The growing global financial crisis will not be a significant factor in the resolution, or for that matter the ongoing deterioration, of the Israeli-Palestinian conflict. The past 40 years of Israeli occupation, full and partial, have witnessed a variety of attempts to alleviate or solve the conflict along with two prolonged intifadas and several additional Israel-Arab wars, all of which have demonstrated that the conflict is affected primarily by politics, not economics.
The ups and downs of the Israeli economy or the global economy have never been a significant factor in determining the direction of the conflict. Nor have the economic pressures of conflict radically affected the cycle of prosperity and recession in Israel. Moreover, since 1967 virtually all Israeli governments, and particularly ministers of defense, have implemented a broad spectrum of economic carrots and sticks with the objective of manipulating the Palestinian political will--with little or no effect on the overall attitude of Palestinians toward Israelis and the conflict.
Carrots? Since 1994, the international community has invested huge sums in developing a Palestinian infrastructure and security services and propping up the governing bureaucracy of the Palestinian Authority. Currently, Quartet emissary Tony Blair is in charge of such a program, toward which seven billion dollars have been pledged by the international community. Israel has agreed to take measures to enable a smoother functioning of the Palestinian economy.
But the benefits for the political process are at best debatable. Indeed, arguably the huge sums of international aid showered upon the Palestinian leadership over the past decade and a half have been an important factor in generating the corruption that caused Palestinians to install a Hamas leadership two years ago. Moreover, as PA Prime Minister Salam Fayyad can attest from past experience, even wealthy donors who are not affected by a global economic crisis, like the oil-rich Saudis and Emiraties, frequently avoid making good on their aid pledges.
Sticks? In recent months and years, Israel and the Quartet have imposed severe political sanctions on the Gaza Strip due to Hamas rule there and ongoing aggression against Israeli civilians. But the Hamas regime in Gaza has merely been strengthened and is more popular than ever.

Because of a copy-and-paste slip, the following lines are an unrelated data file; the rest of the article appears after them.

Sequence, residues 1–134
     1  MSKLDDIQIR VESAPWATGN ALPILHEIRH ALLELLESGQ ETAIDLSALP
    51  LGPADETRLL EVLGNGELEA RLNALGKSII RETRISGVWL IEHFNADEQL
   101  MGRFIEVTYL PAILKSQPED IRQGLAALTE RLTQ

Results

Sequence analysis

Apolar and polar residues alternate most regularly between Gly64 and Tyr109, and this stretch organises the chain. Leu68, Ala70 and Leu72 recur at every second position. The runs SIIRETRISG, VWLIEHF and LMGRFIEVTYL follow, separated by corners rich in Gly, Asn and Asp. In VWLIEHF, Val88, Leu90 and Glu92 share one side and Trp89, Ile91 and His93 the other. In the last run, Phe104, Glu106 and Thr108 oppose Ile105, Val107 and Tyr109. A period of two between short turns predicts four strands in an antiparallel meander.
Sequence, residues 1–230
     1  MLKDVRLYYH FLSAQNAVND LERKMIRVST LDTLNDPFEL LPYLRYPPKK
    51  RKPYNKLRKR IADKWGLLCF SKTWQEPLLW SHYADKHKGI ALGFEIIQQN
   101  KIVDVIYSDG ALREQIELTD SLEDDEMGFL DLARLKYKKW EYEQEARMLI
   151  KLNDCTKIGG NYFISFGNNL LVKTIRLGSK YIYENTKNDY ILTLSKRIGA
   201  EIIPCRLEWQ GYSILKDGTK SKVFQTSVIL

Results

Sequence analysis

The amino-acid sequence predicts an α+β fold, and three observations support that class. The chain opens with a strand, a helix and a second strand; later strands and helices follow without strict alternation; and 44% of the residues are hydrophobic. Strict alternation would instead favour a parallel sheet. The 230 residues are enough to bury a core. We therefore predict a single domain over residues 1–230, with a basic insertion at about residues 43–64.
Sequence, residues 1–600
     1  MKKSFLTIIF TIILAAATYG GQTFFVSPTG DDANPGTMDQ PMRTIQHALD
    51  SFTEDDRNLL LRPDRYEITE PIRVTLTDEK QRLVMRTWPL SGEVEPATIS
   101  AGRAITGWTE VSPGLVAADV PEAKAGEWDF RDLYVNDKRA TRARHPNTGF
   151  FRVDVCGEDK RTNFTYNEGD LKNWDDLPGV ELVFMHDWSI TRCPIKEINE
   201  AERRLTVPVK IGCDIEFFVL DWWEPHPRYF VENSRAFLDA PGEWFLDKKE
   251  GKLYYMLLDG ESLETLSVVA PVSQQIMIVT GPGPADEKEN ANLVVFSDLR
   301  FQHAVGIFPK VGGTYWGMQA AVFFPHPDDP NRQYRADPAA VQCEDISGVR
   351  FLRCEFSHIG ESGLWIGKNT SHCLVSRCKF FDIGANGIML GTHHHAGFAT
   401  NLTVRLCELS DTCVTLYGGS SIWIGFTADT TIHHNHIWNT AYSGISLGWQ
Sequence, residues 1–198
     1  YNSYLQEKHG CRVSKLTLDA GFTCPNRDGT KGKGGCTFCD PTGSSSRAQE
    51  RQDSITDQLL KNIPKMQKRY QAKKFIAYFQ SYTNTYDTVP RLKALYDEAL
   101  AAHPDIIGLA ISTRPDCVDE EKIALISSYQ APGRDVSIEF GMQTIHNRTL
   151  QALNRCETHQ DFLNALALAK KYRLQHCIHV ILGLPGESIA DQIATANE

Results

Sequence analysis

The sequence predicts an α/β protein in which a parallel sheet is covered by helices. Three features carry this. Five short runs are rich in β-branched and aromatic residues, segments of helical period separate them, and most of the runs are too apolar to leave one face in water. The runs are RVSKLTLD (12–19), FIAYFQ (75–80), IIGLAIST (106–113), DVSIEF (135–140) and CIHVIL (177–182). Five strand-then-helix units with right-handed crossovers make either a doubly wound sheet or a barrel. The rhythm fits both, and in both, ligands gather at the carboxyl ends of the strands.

Thus if, as anticipated, the growing international financial crisis generates the imposition of new limits and constraints on the amount of aid flowing to the West Bank, this will almost certainly not be a primary factor in determining the outcome of peace efforts.
To be sure, economic prosperity is as good for Palestinians as it is for everyone else. But there is not even a positive and demonstrable cause-and-effect connection between prosperity and a reduction in the inclination to engage in terrorism: witness the solid economic background of the 9/11 perpetrators and, closer to home, the outbreak of the second intifada at a time of relative Palestinian economic prosperity.
Of course, Israelis and Palestinians will feel the negative effects of a sharp global economic downturn. The red-hot Israeli economy will cool down. Less aid will flow to the Palestinians. In projects involving the building of Palestinian civil society--a key foundation for a successful democracy--and laying the long-term foundations for civilized coexistence, the denial of aid by donor governments and foundations, due to their own financial setbacks, could be truly unfortunate.
Then, too, the United States government is liable, for the foreseeable future, to concentrate far more on domestic American economic dilemmas than on the Israeli-Palestinian conflict. When it does look at the Middle East, it will focus more on oil and Iraq, due to the huge economic implications of these issue areas, than on Israel-Palestine.
But that is precisely the point: our conflict is not primarily an economic issue. The causes are political and the solution is political.- Published 24/3/2008 © bitterlemons.org
Yossi Alpher is coeditor of the bitterlemons family of internet publications. He is former director of the Jaffee Center for Strategic Studies at Tel Aviv University and a former special adviser to PM Ehud Barak.
While economists are puzzling over the global financial crisis that started in the US and is most dramatically illustrated by the fall in the value of the US dollar, the effect in this region is massively and disproportionately felt. Most countries in the region either have their currencies directly tied to the dollar or are heavily invested in economic relations with the US.
The Palestinians are quite possibly most negatively affected from the turbulence. Although neighboring countries such as Israel, Jordan and Egypt are also suffering, they all have their own state and currency and thus the economic and monetary tools to deal with the crisis. The Palestinian government has no such tools to respond with and the Palestinian economy, moreover, is heavily dependant on foreign aid, most of which comes in dollars.
The Palestinian Authority, furthermore, is in such a poor state that it cannot even consider any subsidy measures to mitigate the effect on the lowest income sector of society, which has already been suffering dramatically as a result of the practices of the occupation, including the restriction on movement and confiscation of land.
The global crisis affects the whole spectrum of Palestinian society. The Palestinian government, the private sector and non-governmental organizations are all feeling the pinch though to different extents. The government, which is the biggest employer in the country and is responsible for channeling money not only for wages but also to ensure that basic services and development projects reach those in need, is less and less able to fulfill these obligations.
The effect of that goes beyond the immediate economic and humanitarian consequences. The crisis will also affect the PA and its constituent parties politically. One of the political platforms of the current leadership of the PA is that its political positions, as opposed to those of the radical Islamic opposition, will leave it better equipped to fulfill its economic and humanitarian obligations. This platform, already suffering from Israeli intransigence in the peace process, is being undermined further by the global economic crisis.